Black Coffee

I was 23 years old rummaging for coins in a sticky cup holder so I could purchase a small, black coffee at McDonald’s. That summed up my life in Spring Hill, Tennessee, and much of my life in Nashville from 2013 to 2016.

Like I said earlier nothing in my life had been that challenging up until then. I was your textbook millennial, I know.. I’m pretty sure The New York Times and Fox and The New Yorker and every other very opinionated publication has done a piece on exactly me, the doe-eyed, privileged, white suburban girl who graduated with a bachelor’s in Sociology in 2012. My parent’s allowed me to have a carefree childhood. School had come easily to me, not because I was particularly intelligent, but because I mastered the art of working smarter, not harder.

So this decision to cut myself off from my roots, be financially independent, and move ten hours away from my upbringing without a stable job was starting to seem like the worst decision of my life.

This world was not mine, sleeping on a Craigslist mattress on the floor, waitressing six nights a week, living in the Bible Belt (being a Catholic girl who got yelled at by the Bishop at her Confirmation when she was 14 years old and had since sworn off the idea of organized religion – that wasn’t the only reason, but you get the idea), and subletting a room from a chef I had never met, Mario. But yet, I was living this life.

I had dreams, we all do. I wanted to work in the Music Industry and I pictured myself in an office on Music Row. But having a vision wasn’t enough, I needed to apply to jobs and really grind – I might’ve been a millennial but my mom raised me to at least understand that. So every morning I applied to countless positions, positions that I later found out would get at least 500 applicants each.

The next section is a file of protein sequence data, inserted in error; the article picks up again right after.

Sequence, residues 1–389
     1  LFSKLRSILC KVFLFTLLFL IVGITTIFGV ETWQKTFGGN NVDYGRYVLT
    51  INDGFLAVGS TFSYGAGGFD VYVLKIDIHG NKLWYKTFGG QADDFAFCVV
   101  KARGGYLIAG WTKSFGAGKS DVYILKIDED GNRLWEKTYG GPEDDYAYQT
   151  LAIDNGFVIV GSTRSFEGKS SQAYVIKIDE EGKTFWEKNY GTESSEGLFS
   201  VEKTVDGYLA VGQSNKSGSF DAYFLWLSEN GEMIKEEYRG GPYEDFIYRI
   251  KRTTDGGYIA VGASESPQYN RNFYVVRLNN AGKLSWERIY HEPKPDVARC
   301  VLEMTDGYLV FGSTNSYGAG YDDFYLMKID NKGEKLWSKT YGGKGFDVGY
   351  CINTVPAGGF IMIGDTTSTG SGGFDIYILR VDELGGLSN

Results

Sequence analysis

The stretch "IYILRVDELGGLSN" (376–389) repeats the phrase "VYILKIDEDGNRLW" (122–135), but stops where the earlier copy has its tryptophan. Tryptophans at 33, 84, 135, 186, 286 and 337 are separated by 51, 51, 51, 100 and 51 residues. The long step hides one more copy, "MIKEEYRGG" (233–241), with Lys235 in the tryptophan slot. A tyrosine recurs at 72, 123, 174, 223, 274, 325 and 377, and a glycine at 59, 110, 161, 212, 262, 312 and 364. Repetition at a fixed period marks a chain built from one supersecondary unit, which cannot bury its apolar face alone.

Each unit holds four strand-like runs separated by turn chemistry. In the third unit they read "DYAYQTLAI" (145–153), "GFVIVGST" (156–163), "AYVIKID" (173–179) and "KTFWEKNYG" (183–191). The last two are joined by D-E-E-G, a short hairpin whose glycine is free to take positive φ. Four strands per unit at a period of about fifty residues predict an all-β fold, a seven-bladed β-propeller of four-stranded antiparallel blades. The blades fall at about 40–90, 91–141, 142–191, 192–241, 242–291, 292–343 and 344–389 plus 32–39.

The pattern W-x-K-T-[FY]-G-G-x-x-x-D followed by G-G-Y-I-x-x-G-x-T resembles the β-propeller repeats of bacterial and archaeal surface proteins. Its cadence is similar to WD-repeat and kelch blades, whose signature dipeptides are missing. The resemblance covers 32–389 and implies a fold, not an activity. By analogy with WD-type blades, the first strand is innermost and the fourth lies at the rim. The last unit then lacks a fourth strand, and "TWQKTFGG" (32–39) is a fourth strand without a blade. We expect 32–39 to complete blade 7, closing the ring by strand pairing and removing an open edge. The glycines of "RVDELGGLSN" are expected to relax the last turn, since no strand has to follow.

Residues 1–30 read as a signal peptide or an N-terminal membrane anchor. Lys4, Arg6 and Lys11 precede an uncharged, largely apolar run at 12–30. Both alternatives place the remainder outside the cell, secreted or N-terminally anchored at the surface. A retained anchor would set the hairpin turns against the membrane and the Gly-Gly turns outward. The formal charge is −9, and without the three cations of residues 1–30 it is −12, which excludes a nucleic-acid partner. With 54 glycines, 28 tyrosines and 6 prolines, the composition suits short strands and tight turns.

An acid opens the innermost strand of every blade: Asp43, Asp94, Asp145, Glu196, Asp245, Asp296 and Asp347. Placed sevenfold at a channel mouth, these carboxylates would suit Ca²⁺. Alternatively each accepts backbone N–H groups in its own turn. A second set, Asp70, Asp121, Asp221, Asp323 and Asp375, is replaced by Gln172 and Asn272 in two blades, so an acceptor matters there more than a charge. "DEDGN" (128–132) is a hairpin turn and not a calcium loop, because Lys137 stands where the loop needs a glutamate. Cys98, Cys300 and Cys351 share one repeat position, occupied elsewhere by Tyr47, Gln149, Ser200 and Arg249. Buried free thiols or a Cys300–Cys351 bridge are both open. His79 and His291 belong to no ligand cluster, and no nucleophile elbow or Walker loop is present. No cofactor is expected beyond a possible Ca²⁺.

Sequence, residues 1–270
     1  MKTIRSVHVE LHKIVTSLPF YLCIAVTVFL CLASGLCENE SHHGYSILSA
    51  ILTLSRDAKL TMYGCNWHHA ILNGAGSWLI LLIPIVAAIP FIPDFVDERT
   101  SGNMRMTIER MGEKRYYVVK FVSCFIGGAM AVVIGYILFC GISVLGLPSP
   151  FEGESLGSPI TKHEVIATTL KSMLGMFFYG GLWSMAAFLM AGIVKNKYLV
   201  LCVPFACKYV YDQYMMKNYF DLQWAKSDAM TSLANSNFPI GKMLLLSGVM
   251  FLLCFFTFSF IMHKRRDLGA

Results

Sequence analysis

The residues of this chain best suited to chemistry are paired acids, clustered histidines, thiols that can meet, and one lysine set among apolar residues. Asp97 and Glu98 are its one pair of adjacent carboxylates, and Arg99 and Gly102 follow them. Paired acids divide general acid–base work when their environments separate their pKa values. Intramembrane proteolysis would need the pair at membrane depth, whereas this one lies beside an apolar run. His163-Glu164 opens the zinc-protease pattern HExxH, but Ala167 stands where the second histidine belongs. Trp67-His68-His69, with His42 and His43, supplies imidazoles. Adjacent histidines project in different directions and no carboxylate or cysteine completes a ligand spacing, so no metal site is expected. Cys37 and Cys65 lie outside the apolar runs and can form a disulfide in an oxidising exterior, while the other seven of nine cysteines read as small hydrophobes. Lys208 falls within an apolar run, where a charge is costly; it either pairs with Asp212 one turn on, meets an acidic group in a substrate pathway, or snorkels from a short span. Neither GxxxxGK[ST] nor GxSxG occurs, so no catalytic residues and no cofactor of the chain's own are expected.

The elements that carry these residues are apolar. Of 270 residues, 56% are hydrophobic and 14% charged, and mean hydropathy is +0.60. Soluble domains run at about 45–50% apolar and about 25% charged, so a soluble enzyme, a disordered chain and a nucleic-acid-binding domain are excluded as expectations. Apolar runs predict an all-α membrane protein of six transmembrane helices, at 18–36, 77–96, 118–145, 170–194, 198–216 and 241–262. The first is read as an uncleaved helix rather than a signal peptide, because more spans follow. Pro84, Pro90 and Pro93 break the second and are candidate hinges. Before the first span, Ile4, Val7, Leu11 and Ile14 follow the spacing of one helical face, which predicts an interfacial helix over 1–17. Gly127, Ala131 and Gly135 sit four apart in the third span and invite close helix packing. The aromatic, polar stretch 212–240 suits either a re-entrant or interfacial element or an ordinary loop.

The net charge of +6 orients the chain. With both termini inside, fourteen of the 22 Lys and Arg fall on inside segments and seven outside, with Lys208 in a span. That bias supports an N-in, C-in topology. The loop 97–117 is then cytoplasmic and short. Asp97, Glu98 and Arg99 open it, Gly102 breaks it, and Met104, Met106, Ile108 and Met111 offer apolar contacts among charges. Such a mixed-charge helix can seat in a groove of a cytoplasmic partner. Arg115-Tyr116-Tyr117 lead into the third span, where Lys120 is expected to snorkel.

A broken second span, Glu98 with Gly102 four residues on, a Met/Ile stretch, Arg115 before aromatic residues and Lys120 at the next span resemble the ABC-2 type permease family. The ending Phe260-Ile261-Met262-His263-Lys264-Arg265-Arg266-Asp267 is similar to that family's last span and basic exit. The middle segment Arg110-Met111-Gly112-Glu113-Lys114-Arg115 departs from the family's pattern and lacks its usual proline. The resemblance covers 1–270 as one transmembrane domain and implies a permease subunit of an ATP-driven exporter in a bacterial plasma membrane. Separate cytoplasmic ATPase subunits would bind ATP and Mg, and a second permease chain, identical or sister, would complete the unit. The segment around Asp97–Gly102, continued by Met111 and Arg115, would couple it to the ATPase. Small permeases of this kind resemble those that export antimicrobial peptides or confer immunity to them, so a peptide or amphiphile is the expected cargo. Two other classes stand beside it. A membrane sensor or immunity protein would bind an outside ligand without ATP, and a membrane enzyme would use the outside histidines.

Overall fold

I convinced my parents that this is what I wanted to do and I was sticking to it.

I applied and applied and applied. I played gigs and I served food. I will never forget this time because I was so remarkably lonely and so unbelievably broke. I’m not one for crying too much, but I remember crying at lot. Not only did I put myself in some town (that might well have been on Mars – They had a donkey themed annual festival and the bank employees wore camo in honor of opening day of deer season – I was very out of my element), but every dream I had was crushed by the realty of a world I never knew existed around me. A world that didn’t give a shit who you were, where you were from, or what you knew. From that, I learned that the only thing the world cannot deny is hard work. I’m talking down and dirty, roll your sleeves up, never sleep hard-fucking-work. Talk is cheap. Never trust anyone who talks, only trust people who yield results. I promise you, the grittier you are (grit: noun  \ ˈgrit firmness of mind or spirit unyielding courage in the face of hardship or danger), the more your dreams will come true. That’s a fact. The longer I stayed in a position I didn’t like, the grittier I became.

During the fall of 2013, Nick, a Tennessee boy from the restaurant, took me out in Nashville and laughed with me about my new misadventures. He showed me the skyline, the Batman building, and listened about my friend who had passed away two weeks prior to my move. He told me about his history with getting in trouble with the law (which admittedly was very surprising because he was so clean-cut and handsome – dark complexion, beautiful features, and very fit) and his amazing, uplifting journey since. He paid for all of my drinks the first night we hung out and paid for almost everything after that when we’d go out. I think he knew my financial position and just wanted me to be happy and comfortable, so he would sneakily pay bills without saying anything or embarrassing me. To this day, that is one of Nick’s greatest traits, he gives and he understands without question. I think that’s what drew me to him then.